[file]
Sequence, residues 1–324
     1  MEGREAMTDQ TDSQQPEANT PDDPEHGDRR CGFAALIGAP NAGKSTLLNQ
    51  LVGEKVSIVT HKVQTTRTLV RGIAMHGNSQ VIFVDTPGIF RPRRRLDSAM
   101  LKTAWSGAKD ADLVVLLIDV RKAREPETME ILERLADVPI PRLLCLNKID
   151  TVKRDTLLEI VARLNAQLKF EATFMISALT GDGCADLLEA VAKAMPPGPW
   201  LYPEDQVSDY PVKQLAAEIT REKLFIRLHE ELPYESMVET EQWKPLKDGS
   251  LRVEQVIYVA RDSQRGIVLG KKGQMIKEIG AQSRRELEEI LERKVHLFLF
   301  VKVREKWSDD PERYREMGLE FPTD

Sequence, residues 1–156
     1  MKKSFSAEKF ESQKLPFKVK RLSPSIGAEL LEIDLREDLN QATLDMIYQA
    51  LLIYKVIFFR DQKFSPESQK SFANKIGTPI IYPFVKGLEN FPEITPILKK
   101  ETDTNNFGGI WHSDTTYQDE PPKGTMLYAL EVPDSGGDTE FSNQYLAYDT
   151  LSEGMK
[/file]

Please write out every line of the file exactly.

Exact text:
Sequence, residues 1–324
     1  MEGREAMTDQ TDSQQPEANT PDDPEHGDRR CGFAALIGAP NAGKSTLLNQ
    51  LVGEKVSIVT HKVQTTRTLV RGIAMHGNSQ VIFVDTPGIF RPRRRLDSAM
   101  LKTAWSGAKD ADLVVLLIDV RKAREPETME ILERLADVPI PRLLCLNKID
   151  TVKRDTLLEI VARLNAQLKF EATFMISALT GDGCADLLEA VAKAMPPGPW
   201  LYPEDQVSDY PVKQLAAEIT REKLFIRLHE ELPYESMVET EQWKPLKDGS
   251  LRVEQVIYVA RDSQRGIVLG KKGQMIKEIG AQSRRELEEI LERKVHLFLF
   301  VKVREKWSDD PERYREMGLE FPTD

Sequence, residues 1–156
     1  MKKSFSAEKF ESQKLPFKVK RLSPSIGAEL LEIDLREDLN QATLDMIYQA
    51  LLIYKVIFFR DQKFSPESQK SFANKIGTPI IYPFVKGLEN FPEITPILKK
   101  ETDTNNFGGI WHSDTTYQDE PPKGTMLYAL EVPDSGGDTE FSNQYLAYDT
   151  LSEGMK